Childress has written some colorful (pun intended) characters – each coming with their own set of circumstances.  While there are clearly plots and sub-plots – there are no subordinate roles as each character has its own personality and sorrowful life story. One character bolsters the other.  While Julia and Herman are the focus, there are so many stories being told throughout this tome.

Foreman, who has a venerable stage presence, is brilliant and believable as Julia whose personality vacillates from vulnerable to robust. Aloof from her blackness at some points and all-in at other points. She's a proud black woman with a strong constitution.

Byrd brings just the right amount of disdain and disgust to the role of Herman’s mother, as does Karianne Flaathen who plays Herman’s sister, Annabelle.

Fanny, played briskly and capably by Bankhead, is proud to be a black, female landowner. She’s been holding it down for so long she forgot to find love. In a last ditch attempt to find love she propositions Nelson, a young soldier home briefly from the war. Nelson is played fervently by Jason Turner.

Nelson’s mother, Lula, played by the vibrant Saundra McClain, is a bit over protective of her son, especially when he goes up against The Bellman (Brian Abraham), who likes to hawk his wares and flex his muscles.

Cheryl Francis Harrington exudes passion and power in the role of Hattie, a mother to Teeta (Olivia Sparks). Hattie longs for the return of her husband, October, from the war.

Sparks and Ranya Jaber, who plays her white friend, are simply adorable and bring not only a freshness and innocence to the community, but the possibility of a hopeful future.

Director Gregg T. Daniel has assembled a tight ensemble. The words and story are brought to life with his fluid and effective direction. In a relatively small space he creates and captures the feeling, mood and rhythm of a real community. Daniel, who has numerous directing credits, most recently directed the New Jersey premiere of playwright Katori Hall’s The Mountaintop at Cape May Stage.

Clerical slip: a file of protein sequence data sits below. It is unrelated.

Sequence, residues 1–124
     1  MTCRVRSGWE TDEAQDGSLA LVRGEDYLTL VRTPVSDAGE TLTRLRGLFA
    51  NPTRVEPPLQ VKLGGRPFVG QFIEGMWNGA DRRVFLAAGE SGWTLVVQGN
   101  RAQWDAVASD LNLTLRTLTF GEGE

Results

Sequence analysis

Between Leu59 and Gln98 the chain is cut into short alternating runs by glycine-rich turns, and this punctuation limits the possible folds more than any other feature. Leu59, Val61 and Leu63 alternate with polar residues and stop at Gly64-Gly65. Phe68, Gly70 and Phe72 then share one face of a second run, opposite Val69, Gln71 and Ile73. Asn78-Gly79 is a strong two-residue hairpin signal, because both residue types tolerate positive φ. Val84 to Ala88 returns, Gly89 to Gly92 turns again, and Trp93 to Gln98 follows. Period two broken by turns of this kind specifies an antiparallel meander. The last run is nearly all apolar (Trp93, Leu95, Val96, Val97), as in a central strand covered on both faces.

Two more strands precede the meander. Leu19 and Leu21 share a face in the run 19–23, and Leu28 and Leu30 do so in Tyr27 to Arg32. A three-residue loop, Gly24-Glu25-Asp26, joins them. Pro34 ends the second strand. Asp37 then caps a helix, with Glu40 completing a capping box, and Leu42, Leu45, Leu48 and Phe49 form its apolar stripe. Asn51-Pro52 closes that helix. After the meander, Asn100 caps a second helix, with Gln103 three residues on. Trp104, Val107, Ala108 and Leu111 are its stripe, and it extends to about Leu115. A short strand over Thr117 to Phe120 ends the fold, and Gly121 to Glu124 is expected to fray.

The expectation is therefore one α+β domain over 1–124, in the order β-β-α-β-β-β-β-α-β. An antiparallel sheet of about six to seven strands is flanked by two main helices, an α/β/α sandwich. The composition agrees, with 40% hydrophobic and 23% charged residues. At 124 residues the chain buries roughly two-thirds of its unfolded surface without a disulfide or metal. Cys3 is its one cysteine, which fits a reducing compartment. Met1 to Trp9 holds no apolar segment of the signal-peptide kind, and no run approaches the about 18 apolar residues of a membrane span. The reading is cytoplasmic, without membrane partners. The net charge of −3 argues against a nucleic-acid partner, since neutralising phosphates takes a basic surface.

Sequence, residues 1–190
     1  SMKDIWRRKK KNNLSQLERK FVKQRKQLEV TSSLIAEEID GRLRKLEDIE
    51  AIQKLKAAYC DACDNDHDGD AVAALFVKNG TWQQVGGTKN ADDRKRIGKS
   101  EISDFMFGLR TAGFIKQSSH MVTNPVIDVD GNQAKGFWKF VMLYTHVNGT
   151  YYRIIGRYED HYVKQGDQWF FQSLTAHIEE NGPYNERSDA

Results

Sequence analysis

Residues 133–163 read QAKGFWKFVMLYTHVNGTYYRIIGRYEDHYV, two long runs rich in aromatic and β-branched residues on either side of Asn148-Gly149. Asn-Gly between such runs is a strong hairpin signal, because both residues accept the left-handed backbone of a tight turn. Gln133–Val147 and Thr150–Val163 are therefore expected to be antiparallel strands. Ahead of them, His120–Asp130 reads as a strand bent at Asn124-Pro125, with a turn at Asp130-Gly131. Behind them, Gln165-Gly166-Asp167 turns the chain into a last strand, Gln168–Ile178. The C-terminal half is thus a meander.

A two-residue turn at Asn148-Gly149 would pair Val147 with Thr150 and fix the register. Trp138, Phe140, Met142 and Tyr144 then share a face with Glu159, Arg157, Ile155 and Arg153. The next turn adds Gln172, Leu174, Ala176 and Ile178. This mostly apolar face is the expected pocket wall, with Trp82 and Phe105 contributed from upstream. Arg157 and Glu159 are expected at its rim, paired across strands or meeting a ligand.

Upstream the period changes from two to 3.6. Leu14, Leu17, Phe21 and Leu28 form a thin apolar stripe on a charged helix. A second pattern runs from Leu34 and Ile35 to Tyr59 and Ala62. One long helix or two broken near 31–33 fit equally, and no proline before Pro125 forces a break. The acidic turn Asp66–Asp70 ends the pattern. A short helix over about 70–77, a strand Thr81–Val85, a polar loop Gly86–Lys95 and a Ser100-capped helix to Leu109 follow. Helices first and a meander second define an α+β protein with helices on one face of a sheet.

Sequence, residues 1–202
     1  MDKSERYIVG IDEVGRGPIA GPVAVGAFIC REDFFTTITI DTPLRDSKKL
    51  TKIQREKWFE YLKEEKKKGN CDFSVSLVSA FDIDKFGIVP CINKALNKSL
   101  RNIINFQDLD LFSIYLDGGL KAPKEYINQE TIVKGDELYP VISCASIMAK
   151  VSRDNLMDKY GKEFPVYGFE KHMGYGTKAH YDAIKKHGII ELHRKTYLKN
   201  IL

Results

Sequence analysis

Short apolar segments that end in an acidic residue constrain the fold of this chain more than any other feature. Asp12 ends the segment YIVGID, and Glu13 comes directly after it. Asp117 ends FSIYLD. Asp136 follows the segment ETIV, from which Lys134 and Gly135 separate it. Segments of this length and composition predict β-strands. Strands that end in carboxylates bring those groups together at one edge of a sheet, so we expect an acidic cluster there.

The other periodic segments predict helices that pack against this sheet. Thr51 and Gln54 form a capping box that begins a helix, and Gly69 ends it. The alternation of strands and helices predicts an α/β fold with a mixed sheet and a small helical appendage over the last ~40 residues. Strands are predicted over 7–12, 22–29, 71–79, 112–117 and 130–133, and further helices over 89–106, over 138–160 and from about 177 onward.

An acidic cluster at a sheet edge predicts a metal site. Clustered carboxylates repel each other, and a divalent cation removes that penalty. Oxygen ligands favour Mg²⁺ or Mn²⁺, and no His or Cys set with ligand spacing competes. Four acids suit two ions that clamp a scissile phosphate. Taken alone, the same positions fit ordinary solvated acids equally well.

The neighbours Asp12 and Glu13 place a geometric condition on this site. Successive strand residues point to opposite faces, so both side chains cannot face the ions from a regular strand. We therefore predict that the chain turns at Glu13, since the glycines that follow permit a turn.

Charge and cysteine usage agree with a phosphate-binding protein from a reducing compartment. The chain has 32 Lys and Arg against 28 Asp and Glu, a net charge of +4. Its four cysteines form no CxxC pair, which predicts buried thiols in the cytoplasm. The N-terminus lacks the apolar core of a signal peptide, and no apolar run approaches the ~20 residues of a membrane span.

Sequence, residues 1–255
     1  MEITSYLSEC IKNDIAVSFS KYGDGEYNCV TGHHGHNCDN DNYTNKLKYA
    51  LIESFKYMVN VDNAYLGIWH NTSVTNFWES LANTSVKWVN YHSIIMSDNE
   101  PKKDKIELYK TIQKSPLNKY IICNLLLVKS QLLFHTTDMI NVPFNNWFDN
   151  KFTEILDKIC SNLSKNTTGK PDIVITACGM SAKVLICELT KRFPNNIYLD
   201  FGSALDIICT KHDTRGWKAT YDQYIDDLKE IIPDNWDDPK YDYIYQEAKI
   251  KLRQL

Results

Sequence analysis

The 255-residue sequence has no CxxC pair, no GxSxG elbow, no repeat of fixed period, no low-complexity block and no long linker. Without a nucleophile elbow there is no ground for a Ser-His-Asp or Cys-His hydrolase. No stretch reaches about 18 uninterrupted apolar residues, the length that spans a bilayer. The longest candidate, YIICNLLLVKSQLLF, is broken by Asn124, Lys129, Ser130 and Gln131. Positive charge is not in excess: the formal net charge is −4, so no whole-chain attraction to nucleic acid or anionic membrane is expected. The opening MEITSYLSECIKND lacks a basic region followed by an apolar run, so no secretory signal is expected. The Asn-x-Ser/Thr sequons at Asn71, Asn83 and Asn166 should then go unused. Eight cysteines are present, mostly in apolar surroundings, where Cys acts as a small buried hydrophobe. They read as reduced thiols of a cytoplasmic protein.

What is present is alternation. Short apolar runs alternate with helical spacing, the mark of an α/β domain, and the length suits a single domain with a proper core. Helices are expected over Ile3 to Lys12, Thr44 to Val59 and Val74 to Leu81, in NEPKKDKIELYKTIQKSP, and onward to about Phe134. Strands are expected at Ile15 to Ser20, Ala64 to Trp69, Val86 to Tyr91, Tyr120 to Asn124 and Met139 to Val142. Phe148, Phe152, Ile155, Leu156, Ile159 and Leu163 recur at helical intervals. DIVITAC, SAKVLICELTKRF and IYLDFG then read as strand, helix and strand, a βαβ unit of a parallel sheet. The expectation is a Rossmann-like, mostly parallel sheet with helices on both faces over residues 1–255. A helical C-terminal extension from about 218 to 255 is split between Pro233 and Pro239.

This is a sensational production. This is what theater is all about. When the story, dialogue, direction, acting, set (Francois-Pierre Couture), music (Jeff Gardner), lighting (Michael Gend) and costumes (A. Jeffrey Schoenberg) are firing on all cylinders, the production shines. That combination enhances the show and transports the audience to another time.

Wedding Band is one of the best plays of the year with one of the strongest ensembles. Wedding Band: A Love/Hate Story In Black and White is not to be missed!

Wedding Band: A Love/Hate Story in Black and White is directed by Gregg T. Daniel and has two casts.  This review is for the following ‘Sweet Potatoes’ cast: Karole Foreman, Cheryl Francis Harrington, Saundra McClain, Karen Bankhead, Jason Turner, Anne Gee Byrd, Olivia Sparks, Brian Abraham, Leo Marks, Karianne Flaathen and Ranya Jaber.

The ‘Honey Bunches’ cast includes: Veralyn Jones, Karen Malina White, Nadege August, Peggy Ann Blow, Lynn Milgrim, John Prosky, Jasmine Saint-Clair, Buck Zachary, Mma-Syrai Alek, Belen Greene and Amad Jackson.

On the DONLOE SCALE: D (don’t bother), O (oh, no), N (needs work), L (likeable), O (oh, yeah) and E (excellent), Wedding Band: A Love/Hate Story In Black & White gets an E (excellent).

Running time: 2 hr 15 minutes, including one 10-minute intermission.

Wedding Band: A Love/Hate Story in Black and White, Antaeus Theater, 5112 Lankershim Blvd., North Hollywood, CA  91601; 8 p.m. Thur.-Sat, 2 p.m. Sat-Sun. through Dec. 7; $30-$34; (818) 506-1983 or www.